Daren: Yeah, I mentioned this earlier. So not to spend too much time on it, but we had been creating this. One of the biggest obstacles to buying at the courthouse steps is you actually have to be at the courthouse steps physically or at least have somebody there. And that’s a limitation for many investors. And, you know, to be honest, a lot of times the property gets the auction gets canceled at the last minute. So you go and the property you’re interested in and the properties you’re interested in don’t even go for auction. So we had already been building this remote bid technology that allows you to bid basically from your smartphone and track these live auctions in real time. And we actually launched that in March in four counties and it’s expanding soon to about over 300, close to 400 counties. But we think that it will be a great tool that will be in place once a foreclosure auction start up again to allow people to bid remotely at those traditionally very… Auctions that require a very high level of person-to-person interaction. And this is just showing how dramatic this is. The falloff has been. The green line is foreclosure, these in-person courthouse foreclosure auctions in 2019. The red line is 2020. You just see it. And this is our data, which we estimate we account for about half of the auctions nationwide that are happening. So it’s fallen off, which is you know, I’ve made that point several times.

Daren: But I do want to make the point that we have to look here at the unintended consequence of potentially unintended consequence of this is. Every month, just in our platform alone, which again is about half of the overall auctions nationwide. There is a backlog of about 6000 properties that are not going to auction every month that regularly would be. And that’s just that’s absent. That’s in a vacuum absent of the pandemic crisis. And so there is this backlog that’s building up in the longer. If this moratorium gets extended, the problem with that is at some point you’re going to have to deal with those properties.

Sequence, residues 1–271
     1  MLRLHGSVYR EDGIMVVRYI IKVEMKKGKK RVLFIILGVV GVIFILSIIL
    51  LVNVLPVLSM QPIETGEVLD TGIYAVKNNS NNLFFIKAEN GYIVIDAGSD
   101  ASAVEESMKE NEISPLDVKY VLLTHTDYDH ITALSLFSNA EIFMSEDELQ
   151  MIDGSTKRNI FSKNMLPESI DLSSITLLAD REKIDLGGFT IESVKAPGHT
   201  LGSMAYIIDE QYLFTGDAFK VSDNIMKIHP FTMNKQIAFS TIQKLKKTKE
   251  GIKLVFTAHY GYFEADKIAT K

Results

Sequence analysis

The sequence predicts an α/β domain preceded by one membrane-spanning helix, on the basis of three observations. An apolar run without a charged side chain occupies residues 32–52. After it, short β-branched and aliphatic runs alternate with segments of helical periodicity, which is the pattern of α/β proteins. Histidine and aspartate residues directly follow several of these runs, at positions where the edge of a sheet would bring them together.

Josh: You’re going to have to increase the supply and demand doesn’t catch up. You know, where for some reason people just aren’t buying as many real estate properties, then prices will come down. Right. But if there’s supply that starts to hit and there’s a bunch of pent up demand and that kind of equal each other, then property values could stay stabilized. So you’ve got that six thousand backlog and you’ve got potentially new foreclosures happening and you potentially have less liquidity in the market. You’re also going to have for some degree, Daren, for retail buyers, you’re going to have definitely an issue coming up with getting approved for mortgages because banks are going to see that people got furloughed. They’re going to see they’re on unemployment, you know, and the banks were really strict over the last five or six, seven years of making sure people had two years of uninterrupted employment on their employment history in order to get a mortgage. And so the fact that now you’re gonna have a twenty six million interruptions in unemployment. Now that’s going to affect how banks underwrite buyers. And it could be removing a significant portion of those buyers from the marketplace for the next two years if banks stick with that two year criteria of having to have two years on the job. It could take every single one of those 26 million take them out of the market. They won’t be back in the market for two years from now when they can establish two years of on the job history. I mean, I’m interested to see what that looks like, because if you remove all those buyers in the market and then bring all that inventory you just talked about on the market, it could drag prices down to some degree. I don’t think it’s going to kill it like two thousand eight, nine, 10. But I think there’s gonna be an adjustment. But when you factor all that in.